Reston, VA

This is an opinion column by Del. Ken Plum (D), who represents Reston in Virginia’s House of Delegates. It does not reflect the opinion of Reston Now.

While public attention has been focused on the COVID-19 pandemic many missed the epidemic surge in gun violence that has been occurring in this country. In the last month there have been 45 mass shootings in the United States, and that is just counting incidents in which mass shootings are defined as four or more people who are shot, wounded, or killed. By that definition there have been 147 mass shootings already in 2021 compared with 600 in all of 2020 and 417 in 2019. We are on course to set another record for mass carnage involving guns.

Surprised that the numbers on gun violence are so high? Our attention has been transfixed on the COVID crisis that forced some news stories to the back pages, and unfortunately the number of mass murders is becoming so common place that they do not receive the attention they once did. And for every news story on the front page about another mass murder there are dozens of stories buried in later pages of shootings of one, two, or three people including shootings in our community of Reston. I share the concern of many that we are becoming immune to the bad news for it happens so frequently. We cannot let these mass shootings become the norm!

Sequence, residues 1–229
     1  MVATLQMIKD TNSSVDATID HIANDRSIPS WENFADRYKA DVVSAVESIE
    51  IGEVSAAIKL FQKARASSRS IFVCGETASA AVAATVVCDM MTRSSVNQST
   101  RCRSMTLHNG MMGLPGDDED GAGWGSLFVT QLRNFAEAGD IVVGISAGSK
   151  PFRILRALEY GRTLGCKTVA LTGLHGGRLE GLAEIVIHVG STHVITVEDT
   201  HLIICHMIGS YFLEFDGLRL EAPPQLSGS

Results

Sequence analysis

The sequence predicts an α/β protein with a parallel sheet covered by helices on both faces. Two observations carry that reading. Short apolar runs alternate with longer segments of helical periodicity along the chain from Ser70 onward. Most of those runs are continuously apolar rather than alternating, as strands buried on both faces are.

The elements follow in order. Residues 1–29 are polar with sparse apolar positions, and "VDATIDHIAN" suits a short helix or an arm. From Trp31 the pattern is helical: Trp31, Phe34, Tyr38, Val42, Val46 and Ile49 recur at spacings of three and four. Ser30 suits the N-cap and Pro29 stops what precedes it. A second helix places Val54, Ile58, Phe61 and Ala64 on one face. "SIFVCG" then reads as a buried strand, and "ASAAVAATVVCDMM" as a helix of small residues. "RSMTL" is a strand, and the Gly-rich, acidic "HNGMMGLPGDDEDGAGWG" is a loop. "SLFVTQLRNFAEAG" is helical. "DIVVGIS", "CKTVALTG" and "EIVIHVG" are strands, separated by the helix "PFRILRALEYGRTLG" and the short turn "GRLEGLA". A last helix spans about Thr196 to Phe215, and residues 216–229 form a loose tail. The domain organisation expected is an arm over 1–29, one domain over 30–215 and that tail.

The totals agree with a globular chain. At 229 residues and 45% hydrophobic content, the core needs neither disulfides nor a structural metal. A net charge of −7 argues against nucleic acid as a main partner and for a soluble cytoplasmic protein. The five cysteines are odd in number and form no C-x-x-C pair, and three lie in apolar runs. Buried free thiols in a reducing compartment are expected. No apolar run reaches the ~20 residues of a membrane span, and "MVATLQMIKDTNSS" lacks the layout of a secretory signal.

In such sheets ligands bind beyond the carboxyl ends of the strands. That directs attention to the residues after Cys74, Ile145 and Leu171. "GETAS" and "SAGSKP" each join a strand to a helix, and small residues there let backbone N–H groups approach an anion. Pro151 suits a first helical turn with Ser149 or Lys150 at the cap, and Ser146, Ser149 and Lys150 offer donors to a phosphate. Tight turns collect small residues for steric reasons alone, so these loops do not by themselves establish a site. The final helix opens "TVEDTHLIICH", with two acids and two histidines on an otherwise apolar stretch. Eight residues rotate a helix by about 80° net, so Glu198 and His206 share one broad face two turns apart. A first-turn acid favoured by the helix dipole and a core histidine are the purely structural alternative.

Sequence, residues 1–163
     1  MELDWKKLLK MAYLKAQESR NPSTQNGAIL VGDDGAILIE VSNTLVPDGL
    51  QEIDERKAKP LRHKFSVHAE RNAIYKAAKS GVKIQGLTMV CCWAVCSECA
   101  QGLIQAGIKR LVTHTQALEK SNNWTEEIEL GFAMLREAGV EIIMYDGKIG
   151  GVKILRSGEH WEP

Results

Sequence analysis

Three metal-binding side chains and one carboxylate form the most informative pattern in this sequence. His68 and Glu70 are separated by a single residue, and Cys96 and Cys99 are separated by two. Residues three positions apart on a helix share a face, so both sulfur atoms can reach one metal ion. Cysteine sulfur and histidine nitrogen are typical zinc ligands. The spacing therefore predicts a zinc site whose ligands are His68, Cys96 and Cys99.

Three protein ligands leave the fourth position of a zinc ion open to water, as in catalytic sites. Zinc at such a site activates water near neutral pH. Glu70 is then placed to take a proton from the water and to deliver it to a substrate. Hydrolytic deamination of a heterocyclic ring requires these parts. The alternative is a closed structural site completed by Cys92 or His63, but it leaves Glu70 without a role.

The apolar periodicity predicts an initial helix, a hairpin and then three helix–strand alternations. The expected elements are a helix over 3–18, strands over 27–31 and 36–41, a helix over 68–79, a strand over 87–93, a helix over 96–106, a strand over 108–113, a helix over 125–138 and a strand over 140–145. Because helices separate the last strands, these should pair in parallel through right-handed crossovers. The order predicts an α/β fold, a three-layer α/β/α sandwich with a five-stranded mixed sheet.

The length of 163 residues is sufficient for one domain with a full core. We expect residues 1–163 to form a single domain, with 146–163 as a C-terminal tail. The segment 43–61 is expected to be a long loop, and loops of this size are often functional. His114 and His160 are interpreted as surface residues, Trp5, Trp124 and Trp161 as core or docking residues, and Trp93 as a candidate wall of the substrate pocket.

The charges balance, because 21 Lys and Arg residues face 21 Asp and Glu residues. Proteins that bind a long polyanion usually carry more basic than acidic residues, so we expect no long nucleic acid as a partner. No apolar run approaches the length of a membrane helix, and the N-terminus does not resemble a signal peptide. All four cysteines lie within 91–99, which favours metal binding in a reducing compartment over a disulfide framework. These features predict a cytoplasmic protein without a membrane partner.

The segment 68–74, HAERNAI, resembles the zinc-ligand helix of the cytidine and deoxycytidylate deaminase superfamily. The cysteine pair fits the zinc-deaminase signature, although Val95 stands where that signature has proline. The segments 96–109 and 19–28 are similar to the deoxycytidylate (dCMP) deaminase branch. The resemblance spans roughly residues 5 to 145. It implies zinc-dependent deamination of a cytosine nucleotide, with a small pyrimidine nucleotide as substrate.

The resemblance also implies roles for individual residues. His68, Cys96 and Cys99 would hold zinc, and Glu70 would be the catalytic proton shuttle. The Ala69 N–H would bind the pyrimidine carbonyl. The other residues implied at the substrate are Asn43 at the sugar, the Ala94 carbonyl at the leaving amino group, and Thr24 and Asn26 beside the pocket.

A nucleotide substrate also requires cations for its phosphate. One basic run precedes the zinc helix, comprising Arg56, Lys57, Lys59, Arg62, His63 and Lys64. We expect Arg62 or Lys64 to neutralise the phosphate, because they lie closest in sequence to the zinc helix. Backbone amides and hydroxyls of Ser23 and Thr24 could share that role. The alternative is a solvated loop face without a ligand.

If you were wondering why flags were flown at half-mast in Virginia last Friday, it was to remember the 32 people who were murdered and the 17 wounded at Virginia Tech in 2007. At the time it set a record for the number of persons killed in a mass shooting. It has since been eclipsed by shootings in Las Vegas and Orlando. Sandy Hook had almost as many victims, but we need to remember that they were little children in an elementary school. Eight of the shootings with the highest number of casualties happened within the past ten years.

I term the problem we have with gun violence an epidemic in that it is a problem unique to us among the developed and wealthy countries of the world as opposed to a pandemic that might exist more widely. According to a study by the United Nations, there are 29.7 homicides by firearms per one million people in the United States compared to 1.4 in Australia, 1.9 in Germany, and 5.1 in Canada.

One reason for the number of deaths by guns in the United States is their availability. The United States has more guns than people: 120.5 per 100 people. In comparison, the ratio of guns to people in Canada is 34.7 per 100, France and Germany are both 19.6, and Iraq is 19.4.

It is way past time to take action to end this epidemic. The Virginia General Assembly this year and last passed 20 different common-sense gun safety bills including my bill to require universal background checks for gun transfers that the Governor signed into law. Many of the features of these laws have been incorporated into a bill introduced in the United States Senate by Virginia Senators Tim Kaine and Mark Warner. It comes as close as anything I have seen that will help end this epidemic. Join me in encouraging the Congress to pass it.

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